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My knowledge about network programming is limited, so, all the comments are more than welcome. Essentially my question boils down to the following question:

Q1. Is there really such a thing as decentralized asynchronous cross-platform peer-to-peer communication?

Let me explain myself.

  • If we have two http servers running on computers with actual IP addresses, then clearly the answer is yes, assuming one writes a protocol for the interaction.

  • To go one step further, if one of them (or both) is (are) behind a router, then, with port forwarding the communication can still be established. However, here the problems start because if someone wants to run such a server on the background, say in a mobile phone, the app that is relying on this server really works when one is at home (we can not really expect to request port forwarding everywhere we go).

  • But even beyond that,

  • Q2. do mobile phones obtain an actual IP address from telecommunication companies when someone is not using a wi-fi?

  • If this is true, then clearly one can have cross-platform asynchronous peer-to-peer communication at the expense of not using wi-fi by running an http server on a smartphone. (I understand that this is not convenient, but it is certainly doable.)

Concluding, the two (perhaps there are more) relevant questions that I can think of are:

Based on the answer for Skype, it says: If one of the callee or both of them do not have a public IP, then they send voice traffic to another online Skype node over UDP or TCP. So, it appears that there is no direct communication in Skype, because they have to use a man-in-the-middle for such a scenario.

Regarding Viber, I could not find a good-thorough answer to this particular question. Do people talk to each other through a Viber centralized server, or, do they establish a direct connection? Of course if they do establish a direct connection, then I really want to know how they manage such a thing since a mobile phone may or may not have a physical address. How is a Viber message routed to my cell phone from a friend of mine even when Viber is not running and I am behind a router?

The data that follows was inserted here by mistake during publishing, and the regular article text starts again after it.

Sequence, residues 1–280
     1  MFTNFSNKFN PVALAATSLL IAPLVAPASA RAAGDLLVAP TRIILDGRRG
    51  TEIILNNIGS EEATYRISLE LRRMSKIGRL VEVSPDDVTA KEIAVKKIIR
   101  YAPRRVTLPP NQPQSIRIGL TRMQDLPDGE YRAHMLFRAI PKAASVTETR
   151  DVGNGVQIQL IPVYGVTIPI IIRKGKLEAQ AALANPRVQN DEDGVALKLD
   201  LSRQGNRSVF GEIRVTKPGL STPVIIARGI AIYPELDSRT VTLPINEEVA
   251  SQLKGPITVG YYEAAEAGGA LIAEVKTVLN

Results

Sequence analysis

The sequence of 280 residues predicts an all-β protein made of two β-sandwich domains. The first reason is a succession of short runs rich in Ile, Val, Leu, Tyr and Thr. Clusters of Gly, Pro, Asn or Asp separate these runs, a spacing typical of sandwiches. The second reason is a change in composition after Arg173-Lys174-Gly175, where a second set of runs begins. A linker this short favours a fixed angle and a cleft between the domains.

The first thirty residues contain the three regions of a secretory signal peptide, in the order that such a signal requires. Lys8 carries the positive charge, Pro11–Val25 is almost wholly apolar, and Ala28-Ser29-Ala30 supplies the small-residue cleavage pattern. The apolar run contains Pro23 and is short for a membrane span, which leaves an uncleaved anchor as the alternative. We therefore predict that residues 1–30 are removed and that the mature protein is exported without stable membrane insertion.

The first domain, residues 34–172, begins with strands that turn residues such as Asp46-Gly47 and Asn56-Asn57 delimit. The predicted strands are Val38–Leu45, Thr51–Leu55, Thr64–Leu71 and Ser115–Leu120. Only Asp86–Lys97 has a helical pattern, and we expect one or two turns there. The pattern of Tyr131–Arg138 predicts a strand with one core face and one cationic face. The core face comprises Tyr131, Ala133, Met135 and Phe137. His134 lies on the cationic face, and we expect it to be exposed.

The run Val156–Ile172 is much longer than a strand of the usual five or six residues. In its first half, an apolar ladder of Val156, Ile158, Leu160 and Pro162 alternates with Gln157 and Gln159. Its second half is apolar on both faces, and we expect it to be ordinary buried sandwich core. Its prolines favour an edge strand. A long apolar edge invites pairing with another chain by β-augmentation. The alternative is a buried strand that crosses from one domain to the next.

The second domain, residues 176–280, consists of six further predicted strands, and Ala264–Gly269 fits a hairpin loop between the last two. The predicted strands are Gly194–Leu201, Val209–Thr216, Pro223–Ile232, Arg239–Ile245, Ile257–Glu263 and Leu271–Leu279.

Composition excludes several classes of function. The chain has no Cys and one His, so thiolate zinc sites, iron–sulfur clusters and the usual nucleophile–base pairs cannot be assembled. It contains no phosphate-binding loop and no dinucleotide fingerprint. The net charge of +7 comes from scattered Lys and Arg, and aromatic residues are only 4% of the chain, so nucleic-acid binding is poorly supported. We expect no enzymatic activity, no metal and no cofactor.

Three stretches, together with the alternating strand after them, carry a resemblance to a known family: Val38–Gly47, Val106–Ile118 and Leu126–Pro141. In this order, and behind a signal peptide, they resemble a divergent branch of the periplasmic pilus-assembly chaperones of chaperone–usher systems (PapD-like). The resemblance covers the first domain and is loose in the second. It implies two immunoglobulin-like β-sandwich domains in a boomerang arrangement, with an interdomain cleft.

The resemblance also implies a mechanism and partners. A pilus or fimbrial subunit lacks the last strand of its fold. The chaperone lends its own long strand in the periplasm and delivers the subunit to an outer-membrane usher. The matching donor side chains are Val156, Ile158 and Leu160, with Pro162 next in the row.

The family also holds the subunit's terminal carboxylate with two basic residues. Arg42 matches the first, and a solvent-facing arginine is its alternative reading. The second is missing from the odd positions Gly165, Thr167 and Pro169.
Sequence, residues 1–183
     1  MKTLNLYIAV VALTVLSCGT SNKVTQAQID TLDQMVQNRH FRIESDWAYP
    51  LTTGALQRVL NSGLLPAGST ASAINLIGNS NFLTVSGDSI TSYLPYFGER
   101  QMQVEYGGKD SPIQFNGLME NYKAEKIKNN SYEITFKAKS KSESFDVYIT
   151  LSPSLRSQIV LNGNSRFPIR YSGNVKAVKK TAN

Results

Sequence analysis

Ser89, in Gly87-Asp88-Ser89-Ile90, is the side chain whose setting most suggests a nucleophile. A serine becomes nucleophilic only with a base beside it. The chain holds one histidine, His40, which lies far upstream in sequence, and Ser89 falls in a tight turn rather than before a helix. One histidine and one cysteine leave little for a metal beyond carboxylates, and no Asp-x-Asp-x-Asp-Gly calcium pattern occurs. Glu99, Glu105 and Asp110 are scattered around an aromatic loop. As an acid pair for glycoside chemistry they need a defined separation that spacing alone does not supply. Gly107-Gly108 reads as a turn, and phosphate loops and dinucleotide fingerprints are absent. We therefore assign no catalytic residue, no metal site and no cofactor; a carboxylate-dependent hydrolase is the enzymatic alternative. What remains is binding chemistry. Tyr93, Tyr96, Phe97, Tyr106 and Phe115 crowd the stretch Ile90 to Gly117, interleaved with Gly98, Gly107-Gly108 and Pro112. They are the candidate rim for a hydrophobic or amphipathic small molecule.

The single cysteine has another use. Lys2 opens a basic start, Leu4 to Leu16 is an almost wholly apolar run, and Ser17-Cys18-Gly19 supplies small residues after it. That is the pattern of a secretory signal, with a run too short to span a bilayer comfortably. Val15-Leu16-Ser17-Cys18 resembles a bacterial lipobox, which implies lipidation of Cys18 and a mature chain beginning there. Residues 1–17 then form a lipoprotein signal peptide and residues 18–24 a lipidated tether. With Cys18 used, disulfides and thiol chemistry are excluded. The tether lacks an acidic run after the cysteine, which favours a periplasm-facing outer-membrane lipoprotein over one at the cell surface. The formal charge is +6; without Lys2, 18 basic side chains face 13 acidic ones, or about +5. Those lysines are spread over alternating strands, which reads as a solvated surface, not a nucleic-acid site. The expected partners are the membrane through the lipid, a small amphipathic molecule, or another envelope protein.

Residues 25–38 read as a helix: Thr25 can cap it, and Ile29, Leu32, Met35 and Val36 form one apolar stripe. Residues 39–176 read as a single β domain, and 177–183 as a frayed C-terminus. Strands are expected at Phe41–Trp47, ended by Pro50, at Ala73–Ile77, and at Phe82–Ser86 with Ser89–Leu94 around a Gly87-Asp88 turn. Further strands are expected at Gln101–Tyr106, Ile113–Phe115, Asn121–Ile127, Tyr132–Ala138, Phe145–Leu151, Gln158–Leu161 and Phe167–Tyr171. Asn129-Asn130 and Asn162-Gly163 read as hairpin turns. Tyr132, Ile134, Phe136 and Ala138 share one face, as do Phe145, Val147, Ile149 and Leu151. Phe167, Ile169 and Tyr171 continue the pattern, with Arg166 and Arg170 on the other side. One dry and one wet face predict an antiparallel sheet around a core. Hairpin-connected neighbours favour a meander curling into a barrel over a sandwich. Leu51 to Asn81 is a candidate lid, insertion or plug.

I guess the answer to Viber is really push notifications, but as far as I can understand, all the variations of push notifications rely on open connections, and then the servers of the applications send the notifications to the clients through such connection(s). So, this approach gives us the feeling that it is asynchronous, but essentially it is not. We are cheating, in the sense that there is a constantly open connection to a server, and moreover, as far as I can understand, the application server has to push the notification through that server. Schematically:

A > Central App Server > Central Server w/ open connection to my cellphone > me

So, this seems to be once again a centralized approach.

Honestly, the only approach that I can think of that is both decentralized and asynchronous (on mobile phones as well) is to run an http server on every platform/device, but this comes at the expense of not using Wi-Fi and assuming that a telecommunication company really assigns a physical IP address to every mobile phone (which I do not know if it is true, do you?).

What about WASTE, darknets, F2Fs, etc? Do they offer advantages in the sense of a more direct asynchronous communication between some interested parties? Are there real-world applications (also including mobile phones) using such approaches for communication.

Really, this is not the actual problem that I would like to work on, but I would like to know what the state of the art is so that I can figure out how I can proceed from there. So, all comments are really more than welcome. If you have references for the state of the art I would like to know about them as well, but a brief description would also be nice.

I appreciate all your time and effort in advance.

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You asked many questions, here is the beginning of the answers:

Q1: Yes. For example, take BitTorrent's very successful 10 million+ node network. Aside from the bootstrapping process, the protocol is entirely decentralized and asynchronous. http://www.diva-portal.org/smash/get/diva2:436670/FULLTEXT01.pdf Q2: Yes! Go to www.whatismyip.com on your mobile telephone, and you will see your assigned IP. However, you are likely to be very filtered (e.g: incoming traffic on port 80 is likely to be blocked). Q3: It has elements of P2P and clever tricks to get around NAT issues: http://arxiv.org/ftp/cs/papers/0412/0412017.pdf Q4: I don't know.

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